This website uses cookies. By continuing you are agreeing to our privacy policy.

  • Share this page:


Deborah N

About ten years ago, my younger sister called me and said her arm had "stopped working." She had been fighting what she had been told was pneumonia for several months. I was concerned about the possibility of lung cancer as she had been a smoker for many years and had recently had extreme weight loss. Because she was a low-income Medicaid patient, the hospital was reluctant to perform expensive scans even with her history. I insisted she have a scan and she was diagnosed with Stage IV lung non-small cell lung cancer. By the time she was diagnosed, it had spread to lymph, adrenal glands, liver, and brain.

I took care of her with the help of amazing hospice workers until she died three months later at the age of 49. A couple of years after my sister died, my oldest brother was diagnosed with stage IV, non-small cell lung cancer. He had been asymptomatic when diagnosed. He had extensive radiation and chemotherapy and participated in several clinical trials. He lived for six years after diagnosis. Three years ago, my next oldest brother was diagnosed with Stage IV non-small cell lung cancer. His was discovered when he had a routine preoperative x-ray - he was asymptomatic when diagnosed. I took care of him for the last three-four months of his life - he died on Dec. 24, 2014.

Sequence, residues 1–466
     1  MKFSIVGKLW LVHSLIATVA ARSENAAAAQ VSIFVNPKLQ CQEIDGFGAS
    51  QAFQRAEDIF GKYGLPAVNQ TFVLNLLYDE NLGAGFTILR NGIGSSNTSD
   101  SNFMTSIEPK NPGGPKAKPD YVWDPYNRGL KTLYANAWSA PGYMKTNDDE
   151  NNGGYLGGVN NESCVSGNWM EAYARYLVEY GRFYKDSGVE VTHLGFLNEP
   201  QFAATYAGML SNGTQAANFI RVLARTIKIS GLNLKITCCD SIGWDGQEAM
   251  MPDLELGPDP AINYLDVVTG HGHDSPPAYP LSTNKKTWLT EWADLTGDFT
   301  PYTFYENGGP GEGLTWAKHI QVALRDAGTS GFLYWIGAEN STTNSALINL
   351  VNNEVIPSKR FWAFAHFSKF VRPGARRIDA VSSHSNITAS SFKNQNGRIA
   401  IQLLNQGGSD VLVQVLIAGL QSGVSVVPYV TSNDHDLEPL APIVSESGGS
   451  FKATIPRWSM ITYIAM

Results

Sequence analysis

I have one brother left.

First published: December 11, 2015

  Share this story:
Tell your story View all stories Donate

American Lung Association is solely responsible for content.

Hero stories are the point of view of the Hero and not necessarily the American Lung Association. The Lung Association does not endorse any specific provider, facility or treatment.


Donate to LUNG FORCE

Get Involved


Events Near Me

Lung Health Barometer


Sponsors & Supporters


Sign up for updates

Get the latest news and information on the fight against lung cancer and for lung health.

Red button with telephone
Ask An Expert

Questions about your lung health? Need help finding healthcare? Call 1-800-LUNGUSA.

Get help
Red button of two hand prints
We need your generous support

Make a difference by delivering research, education and advocacy to those impacted by lung disease.

Button of turquoise LUNG FORCE swirl

LUNG FORCE unites women and their loved ones across the country to stand together in the fight against lung cancer.

Get involved
Join the fight for healthy lungs and healthy air.
Donate Now.